The company, based in Mountain View, California, said in March that it would hold its own contest name “Pwnium.” The contest would feature hackers putting their skills together attempting to hack into the ACER Chromebook C720 or Chromebook 11 from Hewlett Packard.
The tech giant said it would pay out $150,000 and $110,000 prizes. In all, Google said it would pay $2.71828 million a reference to e the mathematical constant, a concept that is important to know if writing algorithms.
To receive the payments of $150,000 hackers must compromise the computer in such a way through an Internet page that the computer is under their control even following a reboot. To be given $110,000 the hackers compromise a Chrome OS through an Internet page.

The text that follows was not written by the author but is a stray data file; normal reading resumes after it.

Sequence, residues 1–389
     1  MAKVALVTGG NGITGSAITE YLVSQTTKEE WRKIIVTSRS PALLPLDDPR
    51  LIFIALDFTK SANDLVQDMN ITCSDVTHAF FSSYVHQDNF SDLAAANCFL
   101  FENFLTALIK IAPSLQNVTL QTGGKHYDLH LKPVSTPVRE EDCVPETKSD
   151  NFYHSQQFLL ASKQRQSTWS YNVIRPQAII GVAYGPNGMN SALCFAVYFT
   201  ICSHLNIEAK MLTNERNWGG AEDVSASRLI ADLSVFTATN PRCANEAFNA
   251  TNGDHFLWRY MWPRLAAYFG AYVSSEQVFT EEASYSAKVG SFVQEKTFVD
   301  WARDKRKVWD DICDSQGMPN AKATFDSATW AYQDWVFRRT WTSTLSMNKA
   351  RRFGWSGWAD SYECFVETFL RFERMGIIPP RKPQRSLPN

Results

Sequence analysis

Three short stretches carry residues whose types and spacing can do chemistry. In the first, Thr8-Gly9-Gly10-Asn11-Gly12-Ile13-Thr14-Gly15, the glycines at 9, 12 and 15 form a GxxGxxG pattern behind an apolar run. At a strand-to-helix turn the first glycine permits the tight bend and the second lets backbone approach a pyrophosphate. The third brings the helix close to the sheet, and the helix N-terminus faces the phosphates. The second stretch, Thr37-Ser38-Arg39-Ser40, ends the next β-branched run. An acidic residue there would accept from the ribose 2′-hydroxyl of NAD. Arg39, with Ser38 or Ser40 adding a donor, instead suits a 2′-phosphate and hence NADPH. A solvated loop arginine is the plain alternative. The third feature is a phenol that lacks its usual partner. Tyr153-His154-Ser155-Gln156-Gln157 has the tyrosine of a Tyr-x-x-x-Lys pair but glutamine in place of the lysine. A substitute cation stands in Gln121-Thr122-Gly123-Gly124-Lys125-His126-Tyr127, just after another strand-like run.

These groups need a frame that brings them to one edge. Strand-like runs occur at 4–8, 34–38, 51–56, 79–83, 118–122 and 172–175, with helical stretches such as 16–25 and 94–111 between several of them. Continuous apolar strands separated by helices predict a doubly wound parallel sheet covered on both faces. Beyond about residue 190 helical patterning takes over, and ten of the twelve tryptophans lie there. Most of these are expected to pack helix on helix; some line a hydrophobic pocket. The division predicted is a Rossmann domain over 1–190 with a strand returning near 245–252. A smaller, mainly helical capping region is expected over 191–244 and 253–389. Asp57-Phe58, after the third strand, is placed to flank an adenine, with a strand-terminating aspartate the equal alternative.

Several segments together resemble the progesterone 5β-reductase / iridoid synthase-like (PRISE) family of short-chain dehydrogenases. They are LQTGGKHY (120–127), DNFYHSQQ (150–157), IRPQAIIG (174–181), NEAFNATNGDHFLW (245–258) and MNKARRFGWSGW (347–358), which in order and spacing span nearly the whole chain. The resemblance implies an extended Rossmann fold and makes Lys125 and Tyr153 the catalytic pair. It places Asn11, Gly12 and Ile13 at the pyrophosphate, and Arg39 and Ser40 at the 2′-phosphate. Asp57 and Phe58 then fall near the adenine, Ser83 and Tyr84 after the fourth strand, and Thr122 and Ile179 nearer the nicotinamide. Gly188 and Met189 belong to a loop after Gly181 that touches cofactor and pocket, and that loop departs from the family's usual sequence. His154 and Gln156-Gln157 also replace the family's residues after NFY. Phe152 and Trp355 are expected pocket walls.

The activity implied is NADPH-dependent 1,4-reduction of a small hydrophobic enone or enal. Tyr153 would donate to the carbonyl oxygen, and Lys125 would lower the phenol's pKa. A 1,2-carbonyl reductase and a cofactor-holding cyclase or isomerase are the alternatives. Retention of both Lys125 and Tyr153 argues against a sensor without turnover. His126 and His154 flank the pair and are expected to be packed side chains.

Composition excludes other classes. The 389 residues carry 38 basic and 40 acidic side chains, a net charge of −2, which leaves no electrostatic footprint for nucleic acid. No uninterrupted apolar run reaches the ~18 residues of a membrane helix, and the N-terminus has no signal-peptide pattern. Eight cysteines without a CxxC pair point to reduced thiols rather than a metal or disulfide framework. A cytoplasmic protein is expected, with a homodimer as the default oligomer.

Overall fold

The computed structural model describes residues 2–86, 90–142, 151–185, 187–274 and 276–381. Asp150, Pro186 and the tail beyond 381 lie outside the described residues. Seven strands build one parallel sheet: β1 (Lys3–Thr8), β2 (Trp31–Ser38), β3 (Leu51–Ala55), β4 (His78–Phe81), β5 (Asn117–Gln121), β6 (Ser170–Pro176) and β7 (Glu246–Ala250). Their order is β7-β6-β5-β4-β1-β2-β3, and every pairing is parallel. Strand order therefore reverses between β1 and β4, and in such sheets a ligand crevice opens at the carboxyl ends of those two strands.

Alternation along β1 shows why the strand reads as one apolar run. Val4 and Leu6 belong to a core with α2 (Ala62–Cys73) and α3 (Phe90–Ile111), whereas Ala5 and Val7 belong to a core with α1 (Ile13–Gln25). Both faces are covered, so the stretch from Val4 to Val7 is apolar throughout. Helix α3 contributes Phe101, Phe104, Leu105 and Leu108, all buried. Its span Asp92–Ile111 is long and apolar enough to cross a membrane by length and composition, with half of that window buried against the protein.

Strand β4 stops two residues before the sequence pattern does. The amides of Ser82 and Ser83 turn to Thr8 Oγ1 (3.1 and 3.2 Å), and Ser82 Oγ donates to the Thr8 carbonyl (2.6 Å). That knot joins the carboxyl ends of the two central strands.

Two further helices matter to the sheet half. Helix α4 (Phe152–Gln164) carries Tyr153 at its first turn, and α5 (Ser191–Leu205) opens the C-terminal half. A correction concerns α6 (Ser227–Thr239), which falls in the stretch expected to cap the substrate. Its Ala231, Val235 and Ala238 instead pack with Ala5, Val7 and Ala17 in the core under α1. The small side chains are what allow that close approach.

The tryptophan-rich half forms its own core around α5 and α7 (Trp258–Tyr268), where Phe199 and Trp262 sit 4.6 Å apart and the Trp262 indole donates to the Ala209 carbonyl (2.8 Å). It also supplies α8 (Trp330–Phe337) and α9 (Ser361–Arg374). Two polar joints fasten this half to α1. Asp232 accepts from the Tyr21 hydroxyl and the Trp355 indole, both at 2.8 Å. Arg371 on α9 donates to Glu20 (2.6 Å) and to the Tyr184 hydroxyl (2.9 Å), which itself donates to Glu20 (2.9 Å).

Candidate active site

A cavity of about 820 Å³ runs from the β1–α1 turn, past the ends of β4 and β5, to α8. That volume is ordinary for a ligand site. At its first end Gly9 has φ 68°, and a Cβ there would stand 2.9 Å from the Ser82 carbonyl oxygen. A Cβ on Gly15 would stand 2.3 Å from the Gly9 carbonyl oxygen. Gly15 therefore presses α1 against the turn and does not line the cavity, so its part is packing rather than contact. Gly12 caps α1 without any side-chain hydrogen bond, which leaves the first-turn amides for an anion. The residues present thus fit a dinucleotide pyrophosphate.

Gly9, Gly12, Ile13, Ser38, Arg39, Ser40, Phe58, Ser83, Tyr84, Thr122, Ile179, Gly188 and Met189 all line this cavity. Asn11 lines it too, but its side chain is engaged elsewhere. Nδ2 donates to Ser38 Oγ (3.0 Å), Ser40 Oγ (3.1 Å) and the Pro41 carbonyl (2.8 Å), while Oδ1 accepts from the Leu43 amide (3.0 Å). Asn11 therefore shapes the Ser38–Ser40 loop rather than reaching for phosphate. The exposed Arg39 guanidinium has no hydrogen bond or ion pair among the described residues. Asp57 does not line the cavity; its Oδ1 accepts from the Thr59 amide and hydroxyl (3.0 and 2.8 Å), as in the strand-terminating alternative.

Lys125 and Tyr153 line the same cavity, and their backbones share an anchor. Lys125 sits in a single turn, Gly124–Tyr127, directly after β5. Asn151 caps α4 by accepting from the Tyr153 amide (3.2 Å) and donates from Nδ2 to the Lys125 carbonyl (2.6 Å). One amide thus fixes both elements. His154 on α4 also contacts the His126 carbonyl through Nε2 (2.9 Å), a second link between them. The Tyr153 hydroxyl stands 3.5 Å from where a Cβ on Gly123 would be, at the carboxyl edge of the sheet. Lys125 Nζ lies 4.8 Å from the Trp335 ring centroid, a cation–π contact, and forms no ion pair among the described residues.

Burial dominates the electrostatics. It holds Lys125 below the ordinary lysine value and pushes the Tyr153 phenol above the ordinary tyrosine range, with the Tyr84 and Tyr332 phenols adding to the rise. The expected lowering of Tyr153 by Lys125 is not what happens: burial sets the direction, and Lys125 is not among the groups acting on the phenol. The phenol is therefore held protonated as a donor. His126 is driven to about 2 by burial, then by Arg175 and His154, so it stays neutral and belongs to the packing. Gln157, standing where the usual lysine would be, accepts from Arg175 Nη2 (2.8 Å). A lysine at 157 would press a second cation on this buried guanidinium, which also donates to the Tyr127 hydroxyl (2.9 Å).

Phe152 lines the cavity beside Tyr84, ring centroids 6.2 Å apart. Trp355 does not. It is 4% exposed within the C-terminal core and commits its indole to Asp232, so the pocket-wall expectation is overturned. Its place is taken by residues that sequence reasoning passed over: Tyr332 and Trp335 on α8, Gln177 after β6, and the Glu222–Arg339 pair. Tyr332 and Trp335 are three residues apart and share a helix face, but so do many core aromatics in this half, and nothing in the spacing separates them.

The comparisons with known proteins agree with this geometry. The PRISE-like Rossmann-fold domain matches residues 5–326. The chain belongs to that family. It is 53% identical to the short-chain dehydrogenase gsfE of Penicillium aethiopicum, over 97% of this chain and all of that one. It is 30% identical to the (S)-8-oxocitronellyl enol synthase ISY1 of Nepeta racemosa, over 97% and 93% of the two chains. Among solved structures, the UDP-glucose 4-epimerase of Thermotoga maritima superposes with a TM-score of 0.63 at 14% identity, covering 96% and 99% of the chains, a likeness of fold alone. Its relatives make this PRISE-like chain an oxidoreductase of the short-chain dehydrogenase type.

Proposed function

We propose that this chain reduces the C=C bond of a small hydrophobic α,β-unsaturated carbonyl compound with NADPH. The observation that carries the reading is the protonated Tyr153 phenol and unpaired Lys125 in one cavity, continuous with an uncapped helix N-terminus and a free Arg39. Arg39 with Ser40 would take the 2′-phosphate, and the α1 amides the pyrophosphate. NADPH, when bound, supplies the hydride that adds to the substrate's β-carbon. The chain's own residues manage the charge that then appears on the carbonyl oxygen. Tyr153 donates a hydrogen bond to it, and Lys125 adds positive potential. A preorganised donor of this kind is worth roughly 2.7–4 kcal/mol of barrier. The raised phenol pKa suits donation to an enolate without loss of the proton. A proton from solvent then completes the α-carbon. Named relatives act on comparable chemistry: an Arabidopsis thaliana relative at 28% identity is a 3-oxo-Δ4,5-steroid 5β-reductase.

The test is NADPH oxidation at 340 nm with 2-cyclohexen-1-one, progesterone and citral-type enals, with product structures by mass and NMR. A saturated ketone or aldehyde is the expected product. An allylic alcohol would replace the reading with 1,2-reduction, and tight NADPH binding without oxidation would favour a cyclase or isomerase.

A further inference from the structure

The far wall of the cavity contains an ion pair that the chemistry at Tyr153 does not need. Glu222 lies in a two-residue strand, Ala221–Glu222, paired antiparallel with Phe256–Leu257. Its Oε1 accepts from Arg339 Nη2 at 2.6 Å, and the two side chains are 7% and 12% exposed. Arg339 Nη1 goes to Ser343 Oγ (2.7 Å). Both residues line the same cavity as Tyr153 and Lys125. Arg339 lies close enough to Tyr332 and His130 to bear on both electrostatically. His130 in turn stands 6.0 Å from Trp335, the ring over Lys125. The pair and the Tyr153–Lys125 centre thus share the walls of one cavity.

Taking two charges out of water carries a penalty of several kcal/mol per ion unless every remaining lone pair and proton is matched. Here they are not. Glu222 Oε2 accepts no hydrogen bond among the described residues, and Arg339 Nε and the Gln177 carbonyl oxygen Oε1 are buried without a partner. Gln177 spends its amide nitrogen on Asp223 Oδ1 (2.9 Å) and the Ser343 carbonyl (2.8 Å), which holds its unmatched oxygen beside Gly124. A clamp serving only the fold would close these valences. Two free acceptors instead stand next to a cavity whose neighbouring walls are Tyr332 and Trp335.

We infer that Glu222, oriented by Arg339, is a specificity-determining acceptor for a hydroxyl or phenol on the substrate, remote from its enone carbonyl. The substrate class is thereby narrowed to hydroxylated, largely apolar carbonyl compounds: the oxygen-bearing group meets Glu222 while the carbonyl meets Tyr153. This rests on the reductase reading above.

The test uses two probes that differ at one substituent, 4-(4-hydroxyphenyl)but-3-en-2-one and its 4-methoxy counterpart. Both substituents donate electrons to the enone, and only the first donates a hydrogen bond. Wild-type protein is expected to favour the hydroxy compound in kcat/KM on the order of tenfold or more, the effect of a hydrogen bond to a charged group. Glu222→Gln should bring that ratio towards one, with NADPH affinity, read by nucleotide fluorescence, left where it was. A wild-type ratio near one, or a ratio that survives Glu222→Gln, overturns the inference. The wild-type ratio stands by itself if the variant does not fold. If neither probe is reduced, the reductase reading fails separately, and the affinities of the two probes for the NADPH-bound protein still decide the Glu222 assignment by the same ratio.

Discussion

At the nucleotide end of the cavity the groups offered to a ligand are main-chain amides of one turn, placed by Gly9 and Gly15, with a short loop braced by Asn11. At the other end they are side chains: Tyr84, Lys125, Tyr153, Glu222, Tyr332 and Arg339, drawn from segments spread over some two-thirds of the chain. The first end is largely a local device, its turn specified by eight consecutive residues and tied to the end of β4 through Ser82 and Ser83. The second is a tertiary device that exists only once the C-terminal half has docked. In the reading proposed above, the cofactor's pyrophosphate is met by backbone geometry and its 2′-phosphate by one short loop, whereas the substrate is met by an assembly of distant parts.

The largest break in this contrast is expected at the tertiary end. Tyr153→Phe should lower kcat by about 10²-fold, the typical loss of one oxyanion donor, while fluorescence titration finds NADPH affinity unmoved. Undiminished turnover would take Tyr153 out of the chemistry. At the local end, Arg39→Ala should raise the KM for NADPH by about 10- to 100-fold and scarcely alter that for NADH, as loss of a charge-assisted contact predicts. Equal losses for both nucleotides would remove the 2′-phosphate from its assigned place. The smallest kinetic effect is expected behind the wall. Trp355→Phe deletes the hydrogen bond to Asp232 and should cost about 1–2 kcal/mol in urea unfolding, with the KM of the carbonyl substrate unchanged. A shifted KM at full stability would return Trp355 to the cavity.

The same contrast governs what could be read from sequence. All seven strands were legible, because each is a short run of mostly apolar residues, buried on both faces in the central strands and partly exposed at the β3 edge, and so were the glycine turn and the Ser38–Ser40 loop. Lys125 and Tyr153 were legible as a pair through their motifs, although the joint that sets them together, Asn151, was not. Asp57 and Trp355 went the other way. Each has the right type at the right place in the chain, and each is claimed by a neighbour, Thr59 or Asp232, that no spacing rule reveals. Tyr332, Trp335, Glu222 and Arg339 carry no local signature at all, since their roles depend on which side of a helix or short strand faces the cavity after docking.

Google announced bonus prizes to those hacks that were clever in their makeup.
The contest will take place at in Vancouver, Canada at the CanSecWest conference on security.
Google has had these types of contests prior to this one as a means to entice computer hackers to find the holes in their security and present them upfront to the company, instead of disturbing users and the Internet giant through hacks at any random time.
Computer hacking has become a huge problem with the onset of commerce on Internet. Large retailers, such as Target and Niemann Marcus have had their computer systems hacked and large amounts of personal data from credit and debit cards have been stolen in the process.
Michaels, the largest U.S. retailer of arts and crafts announced this week it was investigating the possibility of a breach of data for credit and debit card users. The U.S. Secret Service, the FBI and other law enforcement agencies are involved in the investigation at Michaels, as well as a computer forensics company.
One small credit union in the Midwest reportedly lost over $400,000 in the Target hack.